Researchers warn that ChatGPT can be used to spread malicious code
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Researchers warn that ChatGPT can be used to spread malicious code

Security researchers at cyber risk management company have published a proof of concept showing how hackers can use ChatGPT 3.5 to distribute malicious code from trusted repositories.

The study draws attention to security risks associated with using ChatGPT suggested encoding solutions.


The researchers collected commonly asked coding questions on Stack Overflow (a coding question and answer forum).

They chose 40 programming subjects (such as parsing, math, scraping technologies, etc.) and used the first 100 questions for each of the 40 subjects.

The next step was to filter for “how to” questions that contained programming packages in the query.

The questions asked were related to Node.js and Python. explains:

“All of these questions were filtered using the programming language (node.js, python, go) included in the question. After collecting many frequently asked questions, we narrowed the list down to the “how to” questions.

Then we asked ChatGPT all the questions we had collected via its API.

We used the API to reproduce an attacker’s approach to get as many non-existent package recommendations as possible in the shortest amount of time.

In addition to each question and following ChatGPT’s response, we added a follow-up question asking to provide additional packages that also answered the request.

We saved all the conversations in one file and then analyzed their responses.”

Next, they searched the responses to find recommendations for code packs that didn’t exist.

Up to 35% of ChatGPT code packs were hallucinated

Out of 201 Node.js questions, ChatGPT recommended 40 packages that didn’t exist. This means that 20% of ChatGPT replies contained hallucinated code packs.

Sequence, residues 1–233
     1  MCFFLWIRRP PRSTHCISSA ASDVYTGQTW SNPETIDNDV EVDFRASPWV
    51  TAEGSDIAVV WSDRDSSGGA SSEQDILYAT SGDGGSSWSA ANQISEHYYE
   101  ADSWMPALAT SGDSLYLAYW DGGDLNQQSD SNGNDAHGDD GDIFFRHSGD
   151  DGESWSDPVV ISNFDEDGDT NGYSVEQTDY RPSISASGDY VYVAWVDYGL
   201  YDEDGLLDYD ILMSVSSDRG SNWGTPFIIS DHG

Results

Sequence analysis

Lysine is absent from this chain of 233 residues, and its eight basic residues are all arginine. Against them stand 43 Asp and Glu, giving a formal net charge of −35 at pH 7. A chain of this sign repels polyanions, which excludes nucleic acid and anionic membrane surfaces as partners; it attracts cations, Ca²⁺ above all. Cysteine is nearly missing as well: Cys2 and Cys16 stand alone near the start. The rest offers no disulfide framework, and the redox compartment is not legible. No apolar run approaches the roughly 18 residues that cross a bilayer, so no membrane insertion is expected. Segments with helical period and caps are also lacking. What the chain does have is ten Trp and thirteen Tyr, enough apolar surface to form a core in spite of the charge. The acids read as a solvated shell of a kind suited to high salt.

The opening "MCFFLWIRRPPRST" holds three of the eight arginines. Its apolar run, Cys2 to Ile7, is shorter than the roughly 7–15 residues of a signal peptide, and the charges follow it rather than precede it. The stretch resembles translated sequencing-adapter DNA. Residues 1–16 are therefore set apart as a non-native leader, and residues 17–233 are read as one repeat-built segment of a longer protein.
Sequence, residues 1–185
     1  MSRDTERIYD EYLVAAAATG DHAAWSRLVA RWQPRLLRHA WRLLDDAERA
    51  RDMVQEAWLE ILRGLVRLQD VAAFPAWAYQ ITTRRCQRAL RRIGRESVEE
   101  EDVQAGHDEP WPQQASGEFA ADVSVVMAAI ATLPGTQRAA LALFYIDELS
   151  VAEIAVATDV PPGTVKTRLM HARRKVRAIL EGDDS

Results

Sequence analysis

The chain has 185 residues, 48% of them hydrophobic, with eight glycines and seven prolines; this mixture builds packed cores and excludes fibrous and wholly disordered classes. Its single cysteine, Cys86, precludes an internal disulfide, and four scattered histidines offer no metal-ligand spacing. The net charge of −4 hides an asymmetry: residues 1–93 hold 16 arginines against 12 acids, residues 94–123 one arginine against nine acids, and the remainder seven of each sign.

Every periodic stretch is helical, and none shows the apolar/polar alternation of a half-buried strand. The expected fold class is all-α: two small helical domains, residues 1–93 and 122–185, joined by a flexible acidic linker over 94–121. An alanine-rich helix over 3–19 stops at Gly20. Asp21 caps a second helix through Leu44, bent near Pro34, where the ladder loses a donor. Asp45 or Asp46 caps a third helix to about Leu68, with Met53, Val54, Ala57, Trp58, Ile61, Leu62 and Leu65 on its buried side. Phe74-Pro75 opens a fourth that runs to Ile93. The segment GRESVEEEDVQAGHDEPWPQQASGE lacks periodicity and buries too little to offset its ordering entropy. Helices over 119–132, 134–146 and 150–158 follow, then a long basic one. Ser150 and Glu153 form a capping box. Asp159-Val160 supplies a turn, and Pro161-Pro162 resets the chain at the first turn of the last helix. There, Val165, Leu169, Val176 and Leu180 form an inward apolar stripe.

For the Python questions, out of 227 questions, over a third of the answers consisted of hallucinated packages of code, and 80 packages did not exist.

In fact, the total number of unreleased packages was even higher.

The researchers documented:

“In Node.js, we asked 201 questions and found that more than 40 of those questions elicited an answer that contained at least one package that wasn’t published.

In total we received more than 50 unreleased npm packages.

In Python we asked 227 questions and for more than 80 of those questions we received at least one unreleased package, making a total of over 100 unreleased pip packages.”

Proof of Concept (PoC)

What follows is the proof of concept. They took the name of one of the non-existent code packages that were supposed to be in the NPM repository and created one with the same name in that repository.

The file they uploaded was not malicious but did say someone installed it.

You write:

“The program sends to the threat actor’s server the hostname of the device, the package it came from, and the absolute path of the directory containing the module file…”

Next came a “victim” asking the same question as the attacker and recommending the package containing the “malicious” code and how to install it to ChatGPT.

And indeed the package is installed and activated.

The researchers explained what happened next:

“The victim installs the malicious package as recommended by ChatGPT.

The attacker gets data from the victim based on our preinstall call to node index.js on the long hostnames.”

A series of proof-of-concept images show the details of the installation by the unsuspecting user.

How to protect yourself from bad ChatGPT coding solutions

Before downloading and installing a package, the researchers recommend looking for signs that the package might be malicious.

Note things like the creation date, the number of downloads, and the lack of positive comments and the lack of attached library notes.

Is ChatGPT Trustworthy?

ChatGPT has not been trained to offer correct answers. It has been trained to offer answers that sound right.

This research shows the consequences of this training. This means that it is very important to check that all ChatGPT facts and recommendations are correct before using it.

Don’t just accept that the output is good, verify it.

Especially when coding, it can be useful to be extra careful before installing ChatGPT recommended packages.

Read the original research documentation:

Can you trust ChatGPT’s package recommendations?

Featured image from Shutterstock/Roman Samborskyi